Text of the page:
Searching across hundreds of databases

Our searching services are busy right now. Your search will reload in five seconds.

Forgot Password

If you have forgotten your password you can enter your email here and get a temporary password sent to your email.

Optimized lentiviral transduction of mouse bone marrow-derived mesenchymal stem cells.

Mesenchymal stem cells (MSCs) have attracted much attention as potential platforms for transgene delivery and cell-based therapy for human disease. MSCs have the capability to self-renew and retain multipotency after extensive expansion in vitro, making them attractive targets for ex vivo modification and autologous transplantation. Viral vectors, including lentiviral vectors, provide an efficient means for transgene delivery into human MSCs. In contrast, mouse MSCs have proven more difficult to transduce with lentiviral vectors than their human counterparts, and because many studies use mouse models of human disease, an improved method of transduction would facilitate studies using ex vivo-modified mouse MSCs. We have worked toward improving the production of human immunodeficiency virus type 1 (HIV-1)-based lentiviral vectors and optimizing transduction conditions for mouse MSCs using lentivirus vectors pseudotyped with the vesicular stomatitis virus G glycoprotein (VSV-G), the ecotropic murine leukemia virus envelope glycoprotein (MLV-E), and the glycoproteins derived from the Armstrong and WE strains of lymphocytic choriomeningitis virus (LCMV-Arm, LCMV-WE). Mouse MSCs were readily transduced following overnight incubation using a multiplicity of infection of at least 40. Alternatively, mouse MSCs in suspension were readily transduced after a 1-h exposure to lentiviral pseudotypes immediately following trypsin treatment or retrieval from storage in liquid nitrogen. LCMV-WE pseudotypes resulted in efficient transduction of mouse MSCs with less toxicity than VSV-G pseudotypes. In conclusion, our improved production and transduction conditions for lentiviral vectors resulted in efficient transduction of mouse MSCs, and these improvements should facilitate the application of such cells in the context of mouse models of human disease.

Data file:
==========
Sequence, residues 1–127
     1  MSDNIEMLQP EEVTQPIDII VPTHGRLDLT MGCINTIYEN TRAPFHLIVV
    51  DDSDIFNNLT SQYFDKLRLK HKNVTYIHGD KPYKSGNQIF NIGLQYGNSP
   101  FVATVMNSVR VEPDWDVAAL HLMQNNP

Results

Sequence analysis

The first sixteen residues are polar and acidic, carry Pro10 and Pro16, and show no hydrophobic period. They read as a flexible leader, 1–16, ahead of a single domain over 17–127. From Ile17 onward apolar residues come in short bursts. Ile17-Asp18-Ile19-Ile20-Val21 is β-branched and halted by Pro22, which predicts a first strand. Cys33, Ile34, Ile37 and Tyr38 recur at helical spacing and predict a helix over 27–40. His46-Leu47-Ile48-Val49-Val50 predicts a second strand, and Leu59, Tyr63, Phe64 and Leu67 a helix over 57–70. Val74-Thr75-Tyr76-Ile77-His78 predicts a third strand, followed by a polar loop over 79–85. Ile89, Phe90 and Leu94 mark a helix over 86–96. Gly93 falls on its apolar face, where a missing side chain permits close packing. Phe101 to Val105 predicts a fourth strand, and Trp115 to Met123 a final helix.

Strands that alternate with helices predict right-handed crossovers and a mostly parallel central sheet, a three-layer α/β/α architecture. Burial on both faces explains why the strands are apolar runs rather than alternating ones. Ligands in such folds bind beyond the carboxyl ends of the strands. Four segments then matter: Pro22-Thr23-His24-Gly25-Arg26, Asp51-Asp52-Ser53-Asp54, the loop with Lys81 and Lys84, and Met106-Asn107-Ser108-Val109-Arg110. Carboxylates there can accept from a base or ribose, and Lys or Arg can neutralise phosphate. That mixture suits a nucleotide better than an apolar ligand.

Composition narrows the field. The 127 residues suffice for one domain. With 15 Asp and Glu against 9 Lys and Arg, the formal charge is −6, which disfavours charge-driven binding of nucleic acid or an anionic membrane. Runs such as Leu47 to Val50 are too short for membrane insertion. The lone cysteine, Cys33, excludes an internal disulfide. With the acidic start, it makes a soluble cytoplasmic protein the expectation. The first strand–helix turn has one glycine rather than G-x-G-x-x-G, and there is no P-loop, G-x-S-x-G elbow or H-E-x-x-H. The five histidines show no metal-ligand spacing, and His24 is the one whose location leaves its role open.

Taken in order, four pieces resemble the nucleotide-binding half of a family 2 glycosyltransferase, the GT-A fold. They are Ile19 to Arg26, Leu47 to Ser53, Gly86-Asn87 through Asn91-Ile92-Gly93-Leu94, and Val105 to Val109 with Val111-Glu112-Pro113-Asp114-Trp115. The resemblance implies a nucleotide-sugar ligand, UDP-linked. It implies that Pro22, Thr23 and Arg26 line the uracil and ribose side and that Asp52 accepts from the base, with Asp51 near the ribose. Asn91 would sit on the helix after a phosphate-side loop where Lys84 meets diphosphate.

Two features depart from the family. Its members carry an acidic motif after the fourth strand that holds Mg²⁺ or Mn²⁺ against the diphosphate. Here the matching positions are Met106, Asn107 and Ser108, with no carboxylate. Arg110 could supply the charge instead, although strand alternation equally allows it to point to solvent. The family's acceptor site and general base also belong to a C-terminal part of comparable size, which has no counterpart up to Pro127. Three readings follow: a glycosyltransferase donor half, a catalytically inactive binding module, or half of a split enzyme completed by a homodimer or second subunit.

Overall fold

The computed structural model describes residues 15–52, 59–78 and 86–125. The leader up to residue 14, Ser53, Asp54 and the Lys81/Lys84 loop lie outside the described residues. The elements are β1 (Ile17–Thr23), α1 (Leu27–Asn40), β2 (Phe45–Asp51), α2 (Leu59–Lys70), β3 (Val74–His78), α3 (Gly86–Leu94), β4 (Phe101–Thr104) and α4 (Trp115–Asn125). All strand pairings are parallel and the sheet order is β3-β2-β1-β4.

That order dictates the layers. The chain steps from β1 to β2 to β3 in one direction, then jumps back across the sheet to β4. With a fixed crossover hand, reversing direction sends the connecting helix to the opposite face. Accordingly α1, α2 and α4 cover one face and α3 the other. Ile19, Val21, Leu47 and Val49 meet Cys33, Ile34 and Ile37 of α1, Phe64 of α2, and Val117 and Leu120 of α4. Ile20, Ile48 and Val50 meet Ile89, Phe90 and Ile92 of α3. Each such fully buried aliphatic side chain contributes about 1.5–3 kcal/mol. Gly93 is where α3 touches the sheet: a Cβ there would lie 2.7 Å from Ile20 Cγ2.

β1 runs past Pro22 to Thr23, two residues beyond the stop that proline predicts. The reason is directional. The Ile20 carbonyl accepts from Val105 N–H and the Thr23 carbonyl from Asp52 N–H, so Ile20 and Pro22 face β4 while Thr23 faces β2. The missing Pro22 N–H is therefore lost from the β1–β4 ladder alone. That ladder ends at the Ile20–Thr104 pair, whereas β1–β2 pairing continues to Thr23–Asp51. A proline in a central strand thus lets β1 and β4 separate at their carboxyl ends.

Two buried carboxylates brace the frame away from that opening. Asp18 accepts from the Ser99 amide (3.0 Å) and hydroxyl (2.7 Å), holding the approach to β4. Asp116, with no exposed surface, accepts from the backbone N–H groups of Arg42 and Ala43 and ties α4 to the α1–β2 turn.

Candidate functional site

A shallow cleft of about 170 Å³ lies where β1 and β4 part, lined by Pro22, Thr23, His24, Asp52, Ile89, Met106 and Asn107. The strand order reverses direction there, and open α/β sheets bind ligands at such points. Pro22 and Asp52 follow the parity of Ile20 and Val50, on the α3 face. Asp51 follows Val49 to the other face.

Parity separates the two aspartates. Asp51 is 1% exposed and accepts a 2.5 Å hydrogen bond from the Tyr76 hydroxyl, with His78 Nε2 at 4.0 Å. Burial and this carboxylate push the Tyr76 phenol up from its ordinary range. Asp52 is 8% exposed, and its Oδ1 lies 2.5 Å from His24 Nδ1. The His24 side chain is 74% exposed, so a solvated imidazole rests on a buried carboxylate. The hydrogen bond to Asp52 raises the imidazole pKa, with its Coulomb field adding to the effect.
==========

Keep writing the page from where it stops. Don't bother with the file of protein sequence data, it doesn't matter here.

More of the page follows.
Pubmed ID: 18513160 RIS Download

Mesh terms: Animals | Antigens, CD | Antigens, CD9 | Bone Marrow Cells | Cell Proliferation | Flow Cytometry | Genetic Vectors | Glycoproteins | Humans | Lentivirus | Lipids | Membrane Glycoproteins | Mesenchymal Stromal Cells | Mice | Mice, Inbred C57BL | Receptors, Interleukin-8B | Time Factors | Transduction, Genetic

Research resources used in this publication

None found

Research tools detected in this publication

None found

Data used in this publication

None found

Associated grants

  • Agency: NHLBI NIH HHS, Id: R01 HL073770
  • Agency: NCRR NIH HHS, Id: P40RR017447
  • Agency: NINDS NIH HHS, Id: NS044832
  • Agency: NHLBI NIH HHS, Id: R01 HL073770-04
  • Agency: NHLBI NIH HHS, Id: R01 HL073770-03
  • Agency: NHLBI NIH HHS, Id: R01 HL073770-04S1
  • Agency: NHLBI NIH HHS, Id: R01 HL073770-02
  • Agency: NHLBI NIH HHS, Id: R01 HL073770-01
  • Agency: NHLBI NIH HHS, Id: HL075161
  • Agency: NHLBI NIH HHS, Id: HL073770

Publication data is provided by the National Library of Medicine ® and PubMed ®. Data is retrieved from PubMed ® on a weekly schedule. For terms and conditions see the National Library of Medicine Terms and Conditions.

We have not found any resources mentioned in this publication.